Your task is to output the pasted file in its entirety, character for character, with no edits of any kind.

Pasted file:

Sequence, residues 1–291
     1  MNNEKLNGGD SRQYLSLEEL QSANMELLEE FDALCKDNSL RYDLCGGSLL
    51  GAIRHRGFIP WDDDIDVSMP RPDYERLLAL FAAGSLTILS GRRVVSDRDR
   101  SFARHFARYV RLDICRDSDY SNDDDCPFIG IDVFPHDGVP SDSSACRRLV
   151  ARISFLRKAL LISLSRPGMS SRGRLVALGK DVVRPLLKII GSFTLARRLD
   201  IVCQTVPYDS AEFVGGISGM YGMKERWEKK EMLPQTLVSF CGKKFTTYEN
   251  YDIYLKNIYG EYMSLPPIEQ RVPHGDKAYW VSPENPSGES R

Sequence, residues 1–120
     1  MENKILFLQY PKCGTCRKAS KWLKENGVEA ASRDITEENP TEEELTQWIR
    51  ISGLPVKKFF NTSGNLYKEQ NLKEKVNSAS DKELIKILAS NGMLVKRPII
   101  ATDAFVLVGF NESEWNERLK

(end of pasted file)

Sequence, residues 1–291
     1  MNNEKLNGGD SRQYLSLEEL QSANMELLEE FDALCKDNSL RYDLCGGSLL
    51  GAIRHRGFIP WDDDIDVSMP RPDYERLLAL FAAGSLTILS GRRVVSDRDR
   101  SFARHFARYV RLDICRDSDY SNDDDCPFIG IDVFPHDGVP SDSSACRRLV
   151  ARISFLRKAL LISLSRPGMS SRGRLVALGK DVVRPLLKII GSFTLARRLD
   201  IVCQTVPYDS AEFVGGISGM YGMKERWEKK EMLPQTLVSF CGKKFTTYEN
   251  YDIYLKNIYG EYMSLPPIEQ RVPHGDKAYW VSPENPSGES R

Sequence, residues 1–120
     1  MENKILFLQY PKCGTCRKAS KWLKENGVEA ASRDITEENP TEEELTQWIR
    51  ISGLPVKKFF NTSGNLYKEQ NLKEKVNSAS DKELIKILAS NGMLVKRPII
   101  ATDAFVLVGF NESEWNERLK